Thursday, January 28, 2010

Back from vacation

I've just gotten back from a 2 week vacation in Southern India (which should explain my hiatus from blogging to my legion of readers). Did visit a fair few places. Goa, Gokarna, Udupi, Wayanad district and Ooty.

Gokarna was easily the best of all places - comparatively unspoilt by tourists as opposed to the Russian invasion of Goa. I do recommend folks to visit Gokarna - but only if your idea of fun is to laze at the beach all day. (Picture on left is sunset at Om Beach, Gokarna). And unless you have loads of cash, accommodation is pretty basic. This isn't a travel blog by any stretch, but will try and include some relevant details in another post.

The #fail thing that happened on this trip was my very first lesson on how white tourists get mobbed by random Indians. I thought it was highly embarrassing and a tad shameful as well. I'd never seen the phenomenon before and seeing it first hand was a real shocker. The play is this. Indian tourists of all shapes and colours (more likely young than old) walk up to random white tourists and in typically Indian style, ask, 'Photo'? Of course, our usually well-mannered westerner assumes (only during the first time) that s/he wants the white tourist to take a picture and him/her and is happy to oblige. But they've only understood half of it. The Indian wants his/her picture taken, but with the white person in it. Preferably if they are from the opposite sex. So what happens is although the white tourist reaches for the camera to oblige the Indian, all of a sudden there is a mysterious photographer who crops up and the white tourist suddenly becomes part of the picture. Not wishing to seem impolite in a foreign country, our white friend reluctantly obliges. As the crucial shutter release moment approaches, more and more Indians seems to materialize from thin air (and you wonder how a billion of us got here). Pretty soon, arms are laid on shoulders, hands are held and the more adventurous ones will even get an arm around the waist. Then only is the photo actually taken. Of course, our poor photographer does not want to be left out, so there is usually another round of the same. Sometimes it goes on for a few minutes till the white tourist gets the drift and has to call a stop to it. Epic fail.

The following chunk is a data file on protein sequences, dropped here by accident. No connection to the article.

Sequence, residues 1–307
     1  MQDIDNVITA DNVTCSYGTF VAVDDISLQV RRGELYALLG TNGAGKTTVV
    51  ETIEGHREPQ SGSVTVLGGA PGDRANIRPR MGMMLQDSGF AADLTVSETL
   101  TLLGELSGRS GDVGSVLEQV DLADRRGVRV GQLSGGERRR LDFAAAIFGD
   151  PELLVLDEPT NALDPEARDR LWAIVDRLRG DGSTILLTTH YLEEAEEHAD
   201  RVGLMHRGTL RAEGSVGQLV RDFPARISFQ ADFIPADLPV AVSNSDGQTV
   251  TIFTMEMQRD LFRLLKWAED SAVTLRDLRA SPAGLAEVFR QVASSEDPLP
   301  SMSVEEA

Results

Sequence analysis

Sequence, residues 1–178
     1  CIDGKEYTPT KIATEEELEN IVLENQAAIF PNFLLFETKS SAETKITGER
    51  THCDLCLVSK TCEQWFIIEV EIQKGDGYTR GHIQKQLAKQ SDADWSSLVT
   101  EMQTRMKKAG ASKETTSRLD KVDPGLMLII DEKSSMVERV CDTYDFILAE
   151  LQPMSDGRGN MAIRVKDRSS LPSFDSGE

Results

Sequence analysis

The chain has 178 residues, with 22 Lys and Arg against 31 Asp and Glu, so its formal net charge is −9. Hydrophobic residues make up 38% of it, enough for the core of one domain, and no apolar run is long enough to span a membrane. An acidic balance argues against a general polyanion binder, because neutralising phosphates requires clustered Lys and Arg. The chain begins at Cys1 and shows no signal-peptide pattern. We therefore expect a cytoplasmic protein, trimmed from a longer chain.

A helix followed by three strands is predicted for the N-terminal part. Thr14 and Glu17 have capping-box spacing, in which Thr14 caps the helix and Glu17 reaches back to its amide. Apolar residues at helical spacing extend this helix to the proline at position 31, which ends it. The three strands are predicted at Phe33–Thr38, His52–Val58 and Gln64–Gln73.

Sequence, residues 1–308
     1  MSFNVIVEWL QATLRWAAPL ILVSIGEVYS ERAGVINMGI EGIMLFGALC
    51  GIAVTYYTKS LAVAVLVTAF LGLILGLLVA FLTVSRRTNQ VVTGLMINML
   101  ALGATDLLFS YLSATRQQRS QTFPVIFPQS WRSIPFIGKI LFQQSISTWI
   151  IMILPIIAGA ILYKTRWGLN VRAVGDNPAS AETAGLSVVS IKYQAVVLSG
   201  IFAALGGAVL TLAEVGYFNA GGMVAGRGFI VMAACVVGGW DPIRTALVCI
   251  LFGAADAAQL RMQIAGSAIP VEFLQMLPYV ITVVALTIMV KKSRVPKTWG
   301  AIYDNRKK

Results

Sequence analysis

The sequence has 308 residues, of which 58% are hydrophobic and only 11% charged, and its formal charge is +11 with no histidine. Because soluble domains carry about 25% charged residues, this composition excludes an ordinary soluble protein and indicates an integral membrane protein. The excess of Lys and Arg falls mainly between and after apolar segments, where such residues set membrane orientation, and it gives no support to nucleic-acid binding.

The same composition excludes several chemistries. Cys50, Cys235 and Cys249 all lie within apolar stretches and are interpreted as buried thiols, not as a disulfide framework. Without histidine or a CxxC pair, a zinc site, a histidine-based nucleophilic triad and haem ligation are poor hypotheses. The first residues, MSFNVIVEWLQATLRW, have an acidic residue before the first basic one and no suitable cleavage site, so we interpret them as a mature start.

I recall an incident where Jason (British / white) got into a similar situation. A group of 10-12 Indian youths crowding around him for a photo, hands on his naked torso (it was the beach, don't get any ideas). A guy then remarks, 'You look like an Indian cricket player.'. To which our bemused Jason is forced to reply - 'But I am white!'. ROFLMAO.


Sunday, January 10, 2010

Medium rare, please

The attitude of most Indians towards beef (yes, I mean the meat, not some vague metaphor) in today's world continues to astound me to no end.

Cows are considered sacred in India. Consider the recent controversy surrounding Mr. Shashi Tharoor's tweet. He tweeted about how he was being asked to adopt 'austere measures' and so from now on he would
"travel in cattle class out of solidarity with all our holy cows!"
Of course, Indian politicians are rarely known for their sense of humor (and usually even lesser for their sense of public service). Even Tharoor lamented about how he has learnt a very harsh lesson on why humour is a dangerous subject for politicians in India. Apparently, the diversity in India means that you can offend anyone with your 'free speech'. (Do read Amit Varma's recent post on the free speech cop-out.)

But back to cows. The exact reason why cows are sacred in India is probably lost to most practising Hindus. My reasearch, based on simple Google searches, indicates that the reason varies from;

  • a carry over from Babylonian civilization that has come to India
  • practical reasons - a (milch) cow throughout its life is more productive than as a source of beef. Milch cows provide dairy products, which are a continuous and valuable source of protein and fat.
Probably what many Indians do not realize are that there are two types of cows bred in the world. One is the 'milch' variety, reared almost exclusively for dairy, while the other is the 'beef' variety, reared as a source of meat. The variety of cattle raised for their meat are not really valuable as a milch cow and hence do not serve any economic value during their lifetime.

The economics of the cow